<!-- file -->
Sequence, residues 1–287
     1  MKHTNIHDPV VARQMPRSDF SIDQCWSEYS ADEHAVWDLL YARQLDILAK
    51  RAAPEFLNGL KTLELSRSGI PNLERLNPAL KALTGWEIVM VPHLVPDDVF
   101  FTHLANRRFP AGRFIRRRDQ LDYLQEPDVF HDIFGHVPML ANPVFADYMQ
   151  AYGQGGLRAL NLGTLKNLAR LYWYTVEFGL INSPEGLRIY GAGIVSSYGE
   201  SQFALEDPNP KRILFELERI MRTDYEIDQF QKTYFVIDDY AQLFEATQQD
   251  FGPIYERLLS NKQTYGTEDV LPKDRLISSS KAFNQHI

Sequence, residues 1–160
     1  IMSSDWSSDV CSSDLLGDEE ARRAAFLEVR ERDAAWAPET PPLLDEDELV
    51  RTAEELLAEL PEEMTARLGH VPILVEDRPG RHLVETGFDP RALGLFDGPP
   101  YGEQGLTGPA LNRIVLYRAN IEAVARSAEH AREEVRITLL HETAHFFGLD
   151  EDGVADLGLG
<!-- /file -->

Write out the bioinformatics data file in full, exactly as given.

Sequence, residues 1–287
     1  MKHTNIHDPV VARQMPRSDF SIDQCWSEYS ADEHAVWDLL YARQLDILAK
    51  RAAPEFLNGL KTLELSRSGI PNLERLNPAL KALTGWEIVM VPHLVPDDVF
   101  FTHLANRRFP AGRFIRRRDQ LDYLQEPDVF HDIFGHVPML ANPVFADYMQ
   151  AYGQGGLRAL NLGTLKNLAR LYWYTVEFGL INSPEGLRIY GAGIVSSYGE
   201  SQFALEDPNP KRILFELERI MRTDYEIDQF QKTYFVIDDY AQLFEATQQD
   251  FGPIYERLLS NKQTYGTEDV LPKDRLISSS KAFNQHI

Sequence, residues 1–160
     1  IMSSDWSSDV CSSDLLGDEE ARRAAFLEVR ERDAAWAPET PPLLDEDELV
    51  RTAEELLAEL PEEMTARLGH VPILVEDRPG RHLVETGFDP RALGLFDGPP
   101  YGEQGLTGPA LNRIVLYRAN IEAVARSAEH AREEVRITLL HETAHFFGLD
   151  EDGVADLGLG